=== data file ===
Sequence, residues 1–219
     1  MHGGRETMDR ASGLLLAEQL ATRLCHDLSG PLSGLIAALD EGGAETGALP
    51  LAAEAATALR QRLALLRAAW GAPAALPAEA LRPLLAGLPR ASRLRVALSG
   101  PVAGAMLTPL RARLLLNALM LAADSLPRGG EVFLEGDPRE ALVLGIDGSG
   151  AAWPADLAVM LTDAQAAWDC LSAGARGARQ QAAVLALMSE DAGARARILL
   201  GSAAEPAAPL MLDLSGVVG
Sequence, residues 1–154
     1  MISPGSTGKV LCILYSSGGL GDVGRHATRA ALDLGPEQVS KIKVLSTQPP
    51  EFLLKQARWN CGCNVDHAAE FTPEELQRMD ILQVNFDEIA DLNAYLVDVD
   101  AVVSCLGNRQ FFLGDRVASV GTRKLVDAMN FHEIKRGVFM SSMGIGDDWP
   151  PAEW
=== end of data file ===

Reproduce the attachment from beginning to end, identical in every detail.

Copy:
Sequence, residues 1–219
     1  MHGGRETMDR ASGLLLAEQL ATRLCHDLSG PLSGLIAALD EGGAETGALP
    51  LAAEAATALR QRLALLRAAW GAPAALPAEA LRPLLAGLPR ASRLRVALSG
   101  PVAGAMLTPL RARLLLNALM LAADSLPRGG EVFLEGDPRE ALVLGIDGSG
   151  AAWPADLAVM LTDAQAAWDC LSAGARGARQ QAAVLALMSE DAGARARILL
   201  GSAAEPAAPL MLDLSGVVG
Sequence, residues 1–154
     1  MISPGSTGKV LCILYSSGGL GDVGRHATRA ALDLGPEQVS KIKVLSTQPP
    51  EFLLKQARWN CGCNVDHAAE FTPEELQRMD ILQVNFDEIA DLNAYLVDVD
   101  AVVSCLGNRQ FFLGDRVASV GTRKLVDAMN FHEIKRGVFM SSMGIGDDWP
   151  PAEW